The Greatest American Musical

This thread is a spin-off of the Meet Me in St. Louis thread, wherein Lissener cals MMISL “the great American musical” (which I don’t dispute; it’s very good).
That threatened to start a hijack: what’s the Greatest American musical?

I’m not a expert on American musicals, although I was a film major in college and even took a class in American musical film. I’ve seen many, but by no means all, of the “great” musicals (and some of them I haven’t seen in 20 years more). But I suggested that The Music Man and The Wizard of Oz derserved consideration, along with others mentioned: Singin’ in the Rain, An American in Paris and West Side Story.

I have to admit, I like the Gene Kelley and the Judy Garland. However, I’m not going to nominate The Pirate, which I saw again recently.

So what do you think? Oklahoma or Chicago? Phantom of the Opera or Fiddler on the Roof?

Let’s limit ourselves to films only, not stage shows (although films derived from stage shows are fair game). Anything between The Jazz Singer and Momma Mia is up for consideration. Please show your work.

I say asking us to limit ourselves to films only is patently unfair to some of the great American Musicals.

Have you seen the film version of Oklahoma!?

The stage play was a revolutionary piece of theatre, the movie is a steaming pile.

The American Musical artform is one that is inherantly theatrical and film versions of said plays are not really the same thing. Movie musicals are a different beast entierly. My pick for greatest movie musical is probably one of the Busby Berkley films because it presents the musical in a way that only works in film, rather than apeing a stage play. Maybe *Singing in the Rain *because it is a great movie that happens to be a musical. *Cabaret *is up there too as possibly the best adaptation of a stage play, taking the heart of the play and truely adapting it to the medium of film.

The pretentious theatre geek in me wants to say that greatest American Musical is probably *Urinetown *or maybe Avenue Q, but I can’t see either ever working as a film. *Hedwig *is up there too, but it is almost a different genre, more caberet performance than American Musical. And even though it hurts me to say it I know in my heart that even though I personally dislike them the greatest American Musicals were probably Oklahoma! and Carousel.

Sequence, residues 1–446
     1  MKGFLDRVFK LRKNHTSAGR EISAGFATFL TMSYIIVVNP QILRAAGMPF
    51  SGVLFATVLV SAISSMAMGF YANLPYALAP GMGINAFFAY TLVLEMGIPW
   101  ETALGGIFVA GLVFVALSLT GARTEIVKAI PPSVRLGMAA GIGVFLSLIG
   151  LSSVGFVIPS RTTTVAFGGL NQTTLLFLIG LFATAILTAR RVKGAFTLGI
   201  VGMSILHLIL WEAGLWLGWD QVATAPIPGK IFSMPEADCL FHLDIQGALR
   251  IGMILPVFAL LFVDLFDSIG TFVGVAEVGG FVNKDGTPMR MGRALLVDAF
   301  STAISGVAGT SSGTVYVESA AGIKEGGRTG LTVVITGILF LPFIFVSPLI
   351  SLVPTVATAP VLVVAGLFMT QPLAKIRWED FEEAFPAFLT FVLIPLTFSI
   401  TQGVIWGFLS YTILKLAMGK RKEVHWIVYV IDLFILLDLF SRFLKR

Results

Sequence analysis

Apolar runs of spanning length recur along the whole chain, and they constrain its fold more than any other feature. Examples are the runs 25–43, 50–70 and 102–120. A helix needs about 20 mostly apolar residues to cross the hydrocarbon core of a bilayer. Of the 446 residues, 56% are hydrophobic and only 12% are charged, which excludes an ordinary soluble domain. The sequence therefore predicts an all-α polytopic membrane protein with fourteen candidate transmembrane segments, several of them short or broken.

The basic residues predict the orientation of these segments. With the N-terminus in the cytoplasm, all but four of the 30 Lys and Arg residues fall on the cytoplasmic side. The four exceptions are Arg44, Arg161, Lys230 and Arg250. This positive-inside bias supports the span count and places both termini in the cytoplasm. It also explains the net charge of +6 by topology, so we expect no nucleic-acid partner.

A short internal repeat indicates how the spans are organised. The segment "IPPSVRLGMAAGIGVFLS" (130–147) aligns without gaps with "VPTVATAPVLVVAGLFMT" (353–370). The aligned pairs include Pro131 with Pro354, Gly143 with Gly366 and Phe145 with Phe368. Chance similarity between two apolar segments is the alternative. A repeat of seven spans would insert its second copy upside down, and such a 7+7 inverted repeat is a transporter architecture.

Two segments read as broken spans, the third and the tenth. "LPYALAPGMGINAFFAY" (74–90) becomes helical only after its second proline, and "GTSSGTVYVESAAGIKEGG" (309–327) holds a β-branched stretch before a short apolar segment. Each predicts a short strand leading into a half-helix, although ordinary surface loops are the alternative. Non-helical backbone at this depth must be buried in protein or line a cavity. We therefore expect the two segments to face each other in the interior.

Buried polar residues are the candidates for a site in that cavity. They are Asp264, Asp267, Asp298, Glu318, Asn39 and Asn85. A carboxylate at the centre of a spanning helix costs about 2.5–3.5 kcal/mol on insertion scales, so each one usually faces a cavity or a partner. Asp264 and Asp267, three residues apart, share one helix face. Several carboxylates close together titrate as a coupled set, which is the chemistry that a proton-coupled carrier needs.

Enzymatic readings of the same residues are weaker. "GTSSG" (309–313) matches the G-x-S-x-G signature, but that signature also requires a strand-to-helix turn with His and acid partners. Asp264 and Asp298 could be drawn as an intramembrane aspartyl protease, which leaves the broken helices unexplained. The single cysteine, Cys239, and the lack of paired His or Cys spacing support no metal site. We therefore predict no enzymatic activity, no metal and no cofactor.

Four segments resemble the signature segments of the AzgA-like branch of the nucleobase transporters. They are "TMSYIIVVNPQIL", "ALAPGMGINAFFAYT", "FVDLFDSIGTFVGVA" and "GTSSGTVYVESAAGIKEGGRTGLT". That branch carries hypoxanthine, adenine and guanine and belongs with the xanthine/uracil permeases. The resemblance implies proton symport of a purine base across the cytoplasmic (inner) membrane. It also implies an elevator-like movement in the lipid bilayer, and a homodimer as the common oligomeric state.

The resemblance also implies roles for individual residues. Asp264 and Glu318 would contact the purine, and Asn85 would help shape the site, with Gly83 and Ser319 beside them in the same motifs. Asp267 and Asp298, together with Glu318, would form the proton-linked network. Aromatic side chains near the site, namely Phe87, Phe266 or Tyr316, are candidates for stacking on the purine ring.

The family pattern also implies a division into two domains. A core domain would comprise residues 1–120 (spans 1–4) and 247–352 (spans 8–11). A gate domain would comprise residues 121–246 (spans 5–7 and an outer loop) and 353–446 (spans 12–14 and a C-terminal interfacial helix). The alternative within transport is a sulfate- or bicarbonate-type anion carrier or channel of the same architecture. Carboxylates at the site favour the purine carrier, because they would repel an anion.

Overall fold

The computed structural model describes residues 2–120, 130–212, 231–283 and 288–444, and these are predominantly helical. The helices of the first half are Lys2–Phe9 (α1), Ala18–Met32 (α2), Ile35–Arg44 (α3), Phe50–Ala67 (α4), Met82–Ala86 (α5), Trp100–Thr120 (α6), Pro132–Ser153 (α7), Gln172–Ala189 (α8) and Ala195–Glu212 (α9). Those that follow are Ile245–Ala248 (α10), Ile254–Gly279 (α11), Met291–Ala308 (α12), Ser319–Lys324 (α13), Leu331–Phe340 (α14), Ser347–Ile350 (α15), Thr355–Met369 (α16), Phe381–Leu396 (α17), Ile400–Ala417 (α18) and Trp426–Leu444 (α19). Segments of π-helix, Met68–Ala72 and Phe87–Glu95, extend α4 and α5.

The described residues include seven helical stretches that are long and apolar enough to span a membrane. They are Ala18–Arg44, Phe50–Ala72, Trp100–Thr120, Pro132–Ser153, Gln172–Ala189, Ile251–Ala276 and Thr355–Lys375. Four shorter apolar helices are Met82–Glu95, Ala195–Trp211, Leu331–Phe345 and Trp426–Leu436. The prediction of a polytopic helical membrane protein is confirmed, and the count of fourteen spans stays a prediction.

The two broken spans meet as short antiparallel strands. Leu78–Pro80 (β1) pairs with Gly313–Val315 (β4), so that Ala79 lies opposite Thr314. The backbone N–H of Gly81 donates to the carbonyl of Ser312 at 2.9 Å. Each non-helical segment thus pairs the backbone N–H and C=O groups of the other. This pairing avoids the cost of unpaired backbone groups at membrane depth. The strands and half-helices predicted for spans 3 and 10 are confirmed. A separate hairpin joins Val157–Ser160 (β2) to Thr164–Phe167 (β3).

The greatest **American **musical is undoubtedly 1776.

The greatest musical made in America is up for grabs. :slight_smile:

I don’t know if this is in the scope of the OP but can we get a definition of terms here?

American Musical is typically a reference to the genre more commonly know as “musicals.” It’s a style of performance that originated on the American stage and has little to do with where the show was originally produced or the subject matter. Like Chicago Blues, or Kansas City BBQ. It’s a style. The style is typified by characters breaking into fully orchestrated song, but also using spoken dialogue rather than recetitive (I know I must be spelling that wrong. I mean the sing talk of opera.) And usually, but not always, features elaborate dance numbers and costuemes combining. It is sort of a combination of ballet, straight drama, and opera. This is what distinguises it from Caberet style and Opera, Operetta etc.

If this is not what the OP intended then I will slowly back away from the thread for beign too geeky to live.:wink:

A very similar argument could be made for Guys and Dolls–a wonderful show but a painful film in many ways. Other strong contenders from a stage perspective–Carousel, Show Boat–also have films which, while perhaps fine, don’t really do the material justice. West Side Story comes off a bit better, but still has a myriad of problems (IMHO).

I think any discussion of the Great American Musical would have to include, in addition to MMiSL and SitR, The Wizard of Oz, Seven Brides for Seven Brothers, Love Me Tonight, The Band Wagon, On the Town, Cabaret, Pennies from Heaven and the Astaire/Rogers films (Top Hat, Shall We Dance, Swing Time) as well as Busby Berkeley’s 30s output (Footlight Parade, Gold Diggers of 1933). More later…

Agreed with all of the above.

I do have to say that the one that hurts me most is Oklahoma!. I spent most of my life thinking it was a terrible show based on the movie, then I saw a quality production in college and studied it in my theatre history classes and realized just what a hack job the film was. It isn’t all the film’s fault either, some stuff (like the dream ballet) just doesn’t translate to film.